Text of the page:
Cryptosporidium is an intestinal protozoan infection which causes diarrhea, particularly in young children and immunocompromised individuals (such as persons with Acquired Immunodeficiency Syndrome, AIDS). In developing regions of the world, Cryptosporidium infection is associated with childhood malnutrition, including loss of linear growth/stunting of height. Our laboratory work has focused on how the immune response of young children to this enteric infection contributes to the vicious cycle of diarrhea, infectious diseases and malnutrition.

Past Research

Exploration of the Biologic Basis for Underperformance of Oral Polio and Rotavirus Vaccines in Bangladesh (Gates PROVIDE Study)

Oral polio and rotavirus vaccines are significantly less effective in children living in the developing world. Tropical enteropathy, which is associated with intestinal inflammation, decreased absorption and increased permeability, may contribute substantially to oral vaccine failure in developing country settings. Other possible causes of oral vaccine underperformance include malnutrition, interference with maternal or breast milk antibodies, changes in gut microbiota, and genetic susceptibility. The primary hypothesis of Exploration of the Biologic Basis for Underperformance of Oral Polio and Rotavirus Vaccines in Bangladesh clinical trial was that tropical enteropathy decreases the effectiveness of oral polio and rotavirus vaccines in infants by disrupting gut integrity. The study enrolled 700 healthy infants born in the urban slum of Mirpur, Dhaka, Bangladesh, as well as their mothers, and employ a prospective cohort, 2×2 factorial study design.

Cholera Vaccine Challenge Study

The University of Vermont Vaccine Testing Center (UVM VTC) conducted a clinical trial of a single-dose, oral vaccine against cholera. In 2017, the groundbreaking vaccine, named Vaxchora, was approved by the U.S. Food and Drug Administration for use in the U.S.

Cholera is an acute diarrheal illness whose symptoms include diarrhea, vomiting, and dehydration, caused by ingesting contaminated food and water. Annually, there are an estimated 100,000 deaths and 3-5 million cases worldwide, although most cases are asymptomatic or mild. Cholera is a disease of poverty, occurring most commonly in countries where access to proper water sanitation is limited. Cholera in the United States is rare, though travelers to endemic areas are at risk if they consume contaminated food or water. Often, cholera cases can be treated with oral rehydration, but more severe cases require intravenous fluid replacement and antibiotics, and untreated cholera can cause death. The approval of Vaxchora represent the first time that a vaccine has been for individuals from the United States traveling to areas where cholera is present.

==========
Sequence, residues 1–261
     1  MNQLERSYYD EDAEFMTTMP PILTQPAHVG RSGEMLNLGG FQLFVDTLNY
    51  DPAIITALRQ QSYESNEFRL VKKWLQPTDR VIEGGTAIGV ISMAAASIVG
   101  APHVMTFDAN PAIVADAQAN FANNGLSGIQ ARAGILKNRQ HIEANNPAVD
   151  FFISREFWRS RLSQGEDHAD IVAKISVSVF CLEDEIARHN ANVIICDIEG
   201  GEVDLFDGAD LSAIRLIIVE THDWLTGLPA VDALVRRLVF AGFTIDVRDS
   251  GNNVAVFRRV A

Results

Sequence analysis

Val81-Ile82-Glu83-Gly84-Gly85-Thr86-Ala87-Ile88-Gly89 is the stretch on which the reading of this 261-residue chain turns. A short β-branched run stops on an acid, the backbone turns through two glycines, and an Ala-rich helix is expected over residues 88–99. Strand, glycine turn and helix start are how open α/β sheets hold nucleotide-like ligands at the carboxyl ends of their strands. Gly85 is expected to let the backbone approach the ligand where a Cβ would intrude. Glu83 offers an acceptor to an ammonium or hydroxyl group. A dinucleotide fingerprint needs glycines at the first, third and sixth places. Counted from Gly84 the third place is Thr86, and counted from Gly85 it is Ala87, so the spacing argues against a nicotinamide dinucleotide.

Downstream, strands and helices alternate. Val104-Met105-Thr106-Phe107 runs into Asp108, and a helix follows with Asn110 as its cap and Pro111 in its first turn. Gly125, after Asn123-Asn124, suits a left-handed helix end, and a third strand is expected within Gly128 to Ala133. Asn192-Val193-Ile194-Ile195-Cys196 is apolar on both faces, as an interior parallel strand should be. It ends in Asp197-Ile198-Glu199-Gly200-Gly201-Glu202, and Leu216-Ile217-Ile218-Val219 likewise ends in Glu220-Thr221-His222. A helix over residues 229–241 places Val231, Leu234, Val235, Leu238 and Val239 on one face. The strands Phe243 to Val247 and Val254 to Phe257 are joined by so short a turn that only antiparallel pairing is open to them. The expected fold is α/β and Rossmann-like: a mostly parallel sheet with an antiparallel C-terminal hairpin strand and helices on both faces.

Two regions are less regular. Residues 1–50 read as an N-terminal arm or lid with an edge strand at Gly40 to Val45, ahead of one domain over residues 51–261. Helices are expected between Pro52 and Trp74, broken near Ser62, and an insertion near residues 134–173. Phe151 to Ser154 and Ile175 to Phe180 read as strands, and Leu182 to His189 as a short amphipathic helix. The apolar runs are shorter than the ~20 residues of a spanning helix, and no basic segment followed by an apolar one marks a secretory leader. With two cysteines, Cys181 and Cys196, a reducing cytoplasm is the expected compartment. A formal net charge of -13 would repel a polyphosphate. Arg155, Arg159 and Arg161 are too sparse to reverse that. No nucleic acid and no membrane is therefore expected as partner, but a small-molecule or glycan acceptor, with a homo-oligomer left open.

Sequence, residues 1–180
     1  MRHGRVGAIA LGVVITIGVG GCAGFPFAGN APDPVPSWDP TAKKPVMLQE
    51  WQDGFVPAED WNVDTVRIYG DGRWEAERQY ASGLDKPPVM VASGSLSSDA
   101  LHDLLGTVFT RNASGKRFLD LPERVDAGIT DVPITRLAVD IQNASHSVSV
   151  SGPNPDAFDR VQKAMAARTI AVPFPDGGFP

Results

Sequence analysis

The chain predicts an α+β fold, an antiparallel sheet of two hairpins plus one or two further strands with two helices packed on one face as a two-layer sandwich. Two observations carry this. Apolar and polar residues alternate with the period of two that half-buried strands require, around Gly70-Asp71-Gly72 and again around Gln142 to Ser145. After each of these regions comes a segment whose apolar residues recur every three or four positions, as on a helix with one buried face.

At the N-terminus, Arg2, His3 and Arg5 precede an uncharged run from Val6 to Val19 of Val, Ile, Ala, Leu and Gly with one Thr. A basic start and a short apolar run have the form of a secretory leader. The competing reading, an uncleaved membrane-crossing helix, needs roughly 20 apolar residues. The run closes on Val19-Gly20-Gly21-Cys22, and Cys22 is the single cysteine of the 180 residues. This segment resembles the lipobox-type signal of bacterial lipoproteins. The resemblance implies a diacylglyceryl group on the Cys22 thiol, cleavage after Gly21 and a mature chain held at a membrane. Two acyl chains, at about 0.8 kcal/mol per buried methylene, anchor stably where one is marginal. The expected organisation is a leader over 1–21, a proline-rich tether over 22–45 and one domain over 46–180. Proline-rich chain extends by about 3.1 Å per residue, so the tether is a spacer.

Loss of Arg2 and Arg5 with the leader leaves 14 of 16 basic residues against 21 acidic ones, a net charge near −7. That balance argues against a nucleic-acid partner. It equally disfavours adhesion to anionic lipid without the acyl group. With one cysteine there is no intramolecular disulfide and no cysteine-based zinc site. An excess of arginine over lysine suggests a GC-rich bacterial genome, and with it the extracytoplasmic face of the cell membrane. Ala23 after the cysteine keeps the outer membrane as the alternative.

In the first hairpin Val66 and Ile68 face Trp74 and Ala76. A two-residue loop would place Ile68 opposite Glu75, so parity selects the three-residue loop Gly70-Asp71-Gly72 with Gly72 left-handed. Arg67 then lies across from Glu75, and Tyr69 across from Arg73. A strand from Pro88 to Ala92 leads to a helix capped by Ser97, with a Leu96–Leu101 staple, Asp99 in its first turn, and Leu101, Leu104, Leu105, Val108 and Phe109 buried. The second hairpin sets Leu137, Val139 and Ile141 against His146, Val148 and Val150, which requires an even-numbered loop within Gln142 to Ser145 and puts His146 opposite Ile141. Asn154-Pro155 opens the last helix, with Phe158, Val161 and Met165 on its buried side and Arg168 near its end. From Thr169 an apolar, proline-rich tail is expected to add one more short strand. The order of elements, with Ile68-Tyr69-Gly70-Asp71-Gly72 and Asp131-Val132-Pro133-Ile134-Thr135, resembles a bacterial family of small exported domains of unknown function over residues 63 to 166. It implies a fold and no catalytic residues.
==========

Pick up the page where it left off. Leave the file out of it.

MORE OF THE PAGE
Campylobacter jejuni Infection Model

Campylobacter jejuni, a Gram-negative bacteria, is a top cause of food-borne disease in the United States and a common cause of diarrhea in young children globally. It is uniquely associated with post-infectious sequelae, including reactive arthritis, irritable bowel syndrome and, via molecular-mimicry, ascending paralysis (the Guillain-Barré syndrome). Our lab is working to improve serodiagnostic tests for the detection of Campylobacter jejuni infections and to better understand the cellular immune responses to this infection.

Typhoid Fever Vaccine Study

Salmonella typhi is another gram-negative bacterium that causes a severe febrile illness and is spread through contaminated food and water. The infection spreads in the host via invasion of host macrophages, using a type-III secretion system (TTSS). Despite vaccines against typhoid fever having been used for more than 100 years, typhoid fever still infects 15-30 million persons annually, killing 600,000. While the clinical arm of the VTC has worked with biotech partners to develop new typhoid vaccines, the laboratory focused on understanding correlates of immune risk to S. typhi infection and evaluating the functional immunology of candidate vaccines.